Translated by Evelyn Shuckburgh

To C. Trebatius Testa in Gaul, from Cumae, April 54 BC

In all my letters to Caesar or Balbus there is a sort of statutory appendix containing a recommendation of you, and not one of the ordinary kind, but accompanied by some signal mark of my warm feeling towards you. See only that you get rid of that feeble regret of yours for the city and city ways, and carry out with persistence and courage what you had in your mind when you set out. We, your friends, shall pardon your going away for that purpose as much as

The wealthy noble dames who held the Corinthian peak

pardoned Medea, whom, with hands whitened to the utmost with chalk, she persuaded not to think ill of her for being absent from her fatherland: for

Many have served themselves abroad and served the state as well;
Many have spent their lives at home to be but counted fools.

In which latter category you would have certainly been, had I not forced you abroad. But I will write more another time. You who learnt to look out for others, look out, while in Britain, that you are not yourself taken in by the charioteers; and, since I have begun quoting the Medea, remember this line:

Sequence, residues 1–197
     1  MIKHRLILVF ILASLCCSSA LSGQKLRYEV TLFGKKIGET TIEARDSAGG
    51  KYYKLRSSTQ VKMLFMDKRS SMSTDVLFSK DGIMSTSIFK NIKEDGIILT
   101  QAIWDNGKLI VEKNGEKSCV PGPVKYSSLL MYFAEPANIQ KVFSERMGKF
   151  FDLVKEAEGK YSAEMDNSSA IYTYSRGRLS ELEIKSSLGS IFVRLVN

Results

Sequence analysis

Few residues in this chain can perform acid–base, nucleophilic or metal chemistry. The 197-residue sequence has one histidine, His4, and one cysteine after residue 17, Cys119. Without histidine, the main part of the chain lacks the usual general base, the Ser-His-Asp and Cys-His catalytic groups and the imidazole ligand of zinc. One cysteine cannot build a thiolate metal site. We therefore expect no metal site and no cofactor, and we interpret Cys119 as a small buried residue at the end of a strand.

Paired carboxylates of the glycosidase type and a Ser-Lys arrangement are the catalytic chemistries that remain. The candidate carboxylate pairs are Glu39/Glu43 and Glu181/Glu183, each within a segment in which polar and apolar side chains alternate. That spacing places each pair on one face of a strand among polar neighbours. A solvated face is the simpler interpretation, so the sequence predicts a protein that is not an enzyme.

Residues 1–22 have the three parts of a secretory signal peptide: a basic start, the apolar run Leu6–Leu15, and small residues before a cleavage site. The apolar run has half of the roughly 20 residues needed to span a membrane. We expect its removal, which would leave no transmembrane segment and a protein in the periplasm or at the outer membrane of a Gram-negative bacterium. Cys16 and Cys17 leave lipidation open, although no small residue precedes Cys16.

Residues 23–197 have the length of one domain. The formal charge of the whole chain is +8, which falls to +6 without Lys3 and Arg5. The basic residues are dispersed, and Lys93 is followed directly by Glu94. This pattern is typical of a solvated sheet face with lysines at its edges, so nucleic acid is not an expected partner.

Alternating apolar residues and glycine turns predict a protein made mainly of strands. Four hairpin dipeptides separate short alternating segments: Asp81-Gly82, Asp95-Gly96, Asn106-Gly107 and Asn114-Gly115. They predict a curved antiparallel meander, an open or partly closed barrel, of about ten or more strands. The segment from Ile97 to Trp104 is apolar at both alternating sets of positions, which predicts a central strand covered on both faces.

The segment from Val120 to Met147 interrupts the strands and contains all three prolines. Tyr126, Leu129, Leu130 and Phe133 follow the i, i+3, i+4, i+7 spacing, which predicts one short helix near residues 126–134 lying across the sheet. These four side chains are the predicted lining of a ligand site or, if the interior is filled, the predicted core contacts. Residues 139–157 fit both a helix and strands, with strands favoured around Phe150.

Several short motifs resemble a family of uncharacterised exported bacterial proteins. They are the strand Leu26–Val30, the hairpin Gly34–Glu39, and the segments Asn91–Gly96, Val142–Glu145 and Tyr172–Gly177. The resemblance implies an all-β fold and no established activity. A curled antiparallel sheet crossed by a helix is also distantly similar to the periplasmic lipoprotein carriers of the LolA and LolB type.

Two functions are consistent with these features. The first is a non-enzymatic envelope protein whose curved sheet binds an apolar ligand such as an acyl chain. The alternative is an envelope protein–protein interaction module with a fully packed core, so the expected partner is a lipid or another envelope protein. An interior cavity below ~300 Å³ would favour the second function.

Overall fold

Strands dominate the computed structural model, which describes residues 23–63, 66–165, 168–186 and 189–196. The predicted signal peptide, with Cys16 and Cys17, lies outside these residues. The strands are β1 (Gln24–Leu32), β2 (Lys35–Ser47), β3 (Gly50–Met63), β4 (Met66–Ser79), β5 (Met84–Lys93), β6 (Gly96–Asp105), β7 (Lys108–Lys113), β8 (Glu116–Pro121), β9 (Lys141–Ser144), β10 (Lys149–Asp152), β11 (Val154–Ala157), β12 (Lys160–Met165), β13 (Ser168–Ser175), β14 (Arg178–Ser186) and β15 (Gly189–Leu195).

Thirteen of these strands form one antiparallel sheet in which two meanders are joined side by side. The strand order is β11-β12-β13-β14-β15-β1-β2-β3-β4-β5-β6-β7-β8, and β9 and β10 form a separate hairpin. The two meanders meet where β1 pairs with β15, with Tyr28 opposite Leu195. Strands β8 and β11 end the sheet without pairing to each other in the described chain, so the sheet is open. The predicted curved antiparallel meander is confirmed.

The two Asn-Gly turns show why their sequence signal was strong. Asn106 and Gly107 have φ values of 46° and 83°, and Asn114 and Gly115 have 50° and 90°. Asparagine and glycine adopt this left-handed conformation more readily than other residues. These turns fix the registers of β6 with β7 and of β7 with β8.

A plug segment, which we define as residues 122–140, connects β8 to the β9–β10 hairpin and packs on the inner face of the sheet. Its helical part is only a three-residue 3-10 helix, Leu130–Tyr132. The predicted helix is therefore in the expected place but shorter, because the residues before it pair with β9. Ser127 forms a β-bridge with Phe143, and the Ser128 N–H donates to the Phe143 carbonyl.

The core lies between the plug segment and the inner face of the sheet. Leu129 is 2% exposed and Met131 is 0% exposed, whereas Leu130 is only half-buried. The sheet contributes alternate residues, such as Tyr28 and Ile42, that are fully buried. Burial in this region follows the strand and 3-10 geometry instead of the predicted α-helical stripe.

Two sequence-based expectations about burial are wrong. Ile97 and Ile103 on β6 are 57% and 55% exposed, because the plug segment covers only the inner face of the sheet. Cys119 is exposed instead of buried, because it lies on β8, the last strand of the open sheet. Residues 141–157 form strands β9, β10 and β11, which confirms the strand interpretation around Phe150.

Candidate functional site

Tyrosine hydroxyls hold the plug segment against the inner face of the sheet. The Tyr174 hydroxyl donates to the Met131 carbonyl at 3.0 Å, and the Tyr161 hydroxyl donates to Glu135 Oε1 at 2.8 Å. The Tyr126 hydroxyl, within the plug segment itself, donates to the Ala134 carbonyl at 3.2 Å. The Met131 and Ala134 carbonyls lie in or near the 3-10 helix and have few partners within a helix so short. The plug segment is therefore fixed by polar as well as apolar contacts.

The sage who cannot serve himself is vainly wise I ween.

Take care of your health.[1]

Latin original:

In omnibus meis epistulis, quas ad Caesarem aut ad Balbum mitto, legitima quaedam est accessio commendationis tuae, nec ea vulgaris, sed cum aliquo insigni indicio meae erga te benevolentiae. Tu modo ineptias istas et desideria urbis et urbanitatis depone et, quo consilio profectus es, id assiduitate et virtute consequere: hoc tibi tam ignoscemus nos amici, quam ignoverunt Medeae, "quae Corinthum arcem altam habebant matronae opulentae, optimates," quibus illa manibus gypsatissimis persuasit, ne sibi vitio illae verterent, quod abesset a patria; nam "multi suam rem bene gessere et publicam patria procul:multi, qui domi aetatem agerent, propterea sunt improbati" quo in numero tu certe fuisses, nisi te extrusissemus. Sed plura scribemus alias. Tu, qui ceteris cavere didicisti, in Britannia ne ab essedariis decipiaris caveto et, quoniam Medeam coepi agere, illud semper memento: "qui ipse sibi sapiens prodesse non quit, nequidquam sapit." Cura, ut valeas.


  1. Trebatius is going to join Caesar, who is about to sail to Britain; hence the jest about the essedarii, drivers of Gallic and British war-chariots. Letter F 7.5 recommended him to Caesar. The lines quoted are from the Medea of Ennius, adapted or translated from Euripides. I date these two letters from Cumae, because he speaks of writing to Balbus, who was at Rome.